at Digging Dog
By James Nugent Fitch (1840-1927) ‘Public domain’, via Wikimedia Commons
First cultivated in the mid-1500s, Aconitum derivatives were used as both a medicine and a poison, and an unwanted husband might have easily met his end while drinking his dear wife’s tonic. Simply Medieval! Leaves, stems and roots are poisonous, but the stately Aconitum still deserves a place in our gardens because of the unusual late season blooms it hoists in masses on stalwart stems.
An excellent cut flower, unique for its large, draped sepal, Aconitum loves moist, but not wet soils, cool summer nights, and protection from the heat of the day. Perfect
in the border or at woodland’s edge, their bold presence makes an engaging companion to Anemone, Helenium and late blooming Persicaria.
This commanding Chinese denizen has a lot to offer:
unyielding medium-sized stature that never needs staking,
gleaming verdant foliage and crystal clear late season
bloom. Garnishing stiff dark blue-violet spires, the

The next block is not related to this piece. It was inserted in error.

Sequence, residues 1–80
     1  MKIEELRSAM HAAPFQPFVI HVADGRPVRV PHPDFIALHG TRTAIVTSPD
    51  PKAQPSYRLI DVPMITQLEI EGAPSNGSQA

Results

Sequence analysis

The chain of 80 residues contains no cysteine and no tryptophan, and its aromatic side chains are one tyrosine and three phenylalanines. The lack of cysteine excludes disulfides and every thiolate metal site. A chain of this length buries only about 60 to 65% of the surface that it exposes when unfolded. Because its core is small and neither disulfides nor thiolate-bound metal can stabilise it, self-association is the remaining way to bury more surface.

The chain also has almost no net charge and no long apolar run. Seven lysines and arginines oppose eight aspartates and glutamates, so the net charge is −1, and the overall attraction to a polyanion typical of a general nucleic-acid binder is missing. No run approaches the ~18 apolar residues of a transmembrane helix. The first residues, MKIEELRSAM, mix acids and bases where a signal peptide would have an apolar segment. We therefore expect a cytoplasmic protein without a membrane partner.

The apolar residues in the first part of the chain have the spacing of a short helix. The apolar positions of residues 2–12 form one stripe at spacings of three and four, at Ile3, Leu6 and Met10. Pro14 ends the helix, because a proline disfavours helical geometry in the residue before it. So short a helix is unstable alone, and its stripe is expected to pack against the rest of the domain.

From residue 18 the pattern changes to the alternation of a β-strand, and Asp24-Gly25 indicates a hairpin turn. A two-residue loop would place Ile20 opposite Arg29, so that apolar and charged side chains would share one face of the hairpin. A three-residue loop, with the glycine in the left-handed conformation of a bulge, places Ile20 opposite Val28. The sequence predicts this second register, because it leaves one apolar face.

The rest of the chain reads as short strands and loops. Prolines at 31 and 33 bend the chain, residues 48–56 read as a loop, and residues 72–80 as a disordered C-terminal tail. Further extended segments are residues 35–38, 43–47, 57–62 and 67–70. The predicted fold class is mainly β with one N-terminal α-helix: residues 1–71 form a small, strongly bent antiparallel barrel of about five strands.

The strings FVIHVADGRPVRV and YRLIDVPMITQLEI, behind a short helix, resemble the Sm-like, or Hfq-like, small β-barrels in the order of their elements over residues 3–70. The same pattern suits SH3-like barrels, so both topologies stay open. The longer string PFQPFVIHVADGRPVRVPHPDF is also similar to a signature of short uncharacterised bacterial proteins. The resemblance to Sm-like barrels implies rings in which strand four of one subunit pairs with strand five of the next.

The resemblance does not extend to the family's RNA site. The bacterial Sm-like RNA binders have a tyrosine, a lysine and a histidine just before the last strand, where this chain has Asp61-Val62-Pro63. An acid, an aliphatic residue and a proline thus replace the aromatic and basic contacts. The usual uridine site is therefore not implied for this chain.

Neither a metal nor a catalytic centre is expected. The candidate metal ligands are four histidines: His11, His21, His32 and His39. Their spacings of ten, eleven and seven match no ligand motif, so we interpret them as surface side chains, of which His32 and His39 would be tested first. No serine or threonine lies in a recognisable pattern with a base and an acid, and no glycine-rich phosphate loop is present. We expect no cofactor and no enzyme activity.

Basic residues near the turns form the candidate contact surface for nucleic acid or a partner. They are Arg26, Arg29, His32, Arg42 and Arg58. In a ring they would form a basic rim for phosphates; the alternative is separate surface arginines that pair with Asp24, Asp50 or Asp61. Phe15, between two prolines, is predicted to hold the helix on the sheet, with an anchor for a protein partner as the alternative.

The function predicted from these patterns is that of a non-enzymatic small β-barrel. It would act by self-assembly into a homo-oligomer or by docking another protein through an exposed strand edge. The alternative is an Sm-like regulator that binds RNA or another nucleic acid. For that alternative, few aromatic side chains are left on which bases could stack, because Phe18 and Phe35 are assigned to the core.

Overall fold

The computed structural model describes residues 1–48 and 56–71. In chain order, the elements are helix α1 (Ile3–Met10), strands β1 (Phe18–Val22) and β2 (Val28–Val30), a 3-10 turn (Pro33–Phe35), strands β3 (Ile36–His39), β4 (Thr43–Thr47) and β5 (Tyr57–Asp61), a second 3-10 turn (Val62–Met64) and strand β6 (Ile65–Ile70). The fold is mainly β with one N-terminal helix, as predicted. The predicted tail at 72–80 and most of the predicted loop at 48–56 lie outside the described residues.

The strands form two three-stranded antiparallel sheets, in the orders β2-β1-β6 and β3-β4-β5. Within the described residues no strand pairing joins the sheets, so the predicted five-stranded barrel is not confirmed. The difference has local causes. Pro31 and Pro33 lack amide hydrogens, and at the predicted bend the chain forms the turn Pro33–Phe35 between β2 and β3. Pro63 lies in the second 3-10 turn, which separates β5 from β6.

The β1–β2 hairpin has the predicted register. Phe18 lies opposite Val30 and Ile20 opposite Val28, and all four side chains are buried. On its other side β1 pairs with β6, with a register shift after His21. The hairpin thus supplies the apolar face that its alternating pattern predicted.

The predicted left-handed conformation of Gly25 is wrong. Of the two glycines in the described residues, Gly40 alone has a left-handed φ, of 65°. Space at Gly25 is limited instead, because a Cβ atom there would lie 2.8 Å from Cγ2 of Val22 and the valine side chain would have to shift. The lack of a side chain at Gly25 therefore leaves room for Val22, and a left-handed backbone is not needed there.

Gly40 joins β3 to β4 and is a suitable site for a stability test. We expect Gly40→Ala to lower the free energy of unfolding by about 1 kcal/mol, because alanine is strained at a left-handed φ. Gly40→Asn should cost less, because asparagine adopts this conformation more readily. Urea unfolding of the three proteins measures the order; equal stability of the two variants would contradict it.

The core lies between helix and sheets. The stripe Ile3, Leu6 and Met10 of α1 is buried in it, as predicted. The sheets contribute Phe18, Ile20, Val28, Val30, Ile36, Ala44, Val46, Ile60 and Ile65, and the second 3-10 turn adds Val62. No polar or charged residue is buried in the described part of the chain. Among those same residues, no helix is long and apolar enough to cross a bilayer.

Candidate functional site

hood-shaped flowers surmount ramrod straight stems
wrapped in triclefted green leaves, each further carved
by stylish lobes and toothed edges. Aconitum fischeri�s dignified persona is ideal, either for a midborder position flanked withMuhlenbergia r. Undaunted.
Blooms August–early October.
Size: 2'–3' high x 12"–18" wide; hardy to zone 4.
Aconitum fischeri (P-1349)
Add to Cart
Other selections in this genus
Please fill out our
Registration Form to receive news of updates to the web site and availability of new plants, to give us your feedback, and to be on the mailing list
to receive future printed catalogs.
Current Staff’s Favorite Plant
Dainty blooms and unfurling leaves forge an early spring treasure trove of color and texture.
In the last ten days, we’ve experienced all kinds of weather at Digging Dog, including frosty mornings, torrential downpours, deafening hail, glorious sunny 70 º afternoons and even sleet! Thankfully spring is almost here and signs of its arrival grow more evident every day. Brimming with possibility, youthful growth and pristine delicacy, the early spring garden is a fresh treasure trove of color and texture. The plants featured in this newsletter caught my eye while walking through the nursery and along the surrounding borders. Hopefully, a handful of them will spark your interest as well! All of us here at the nursery wish you a very happy spring and countless happy afternoons digging in a garden! Digging Dog's mid March 2017 Newsletter Link
More news, events, and favorite plants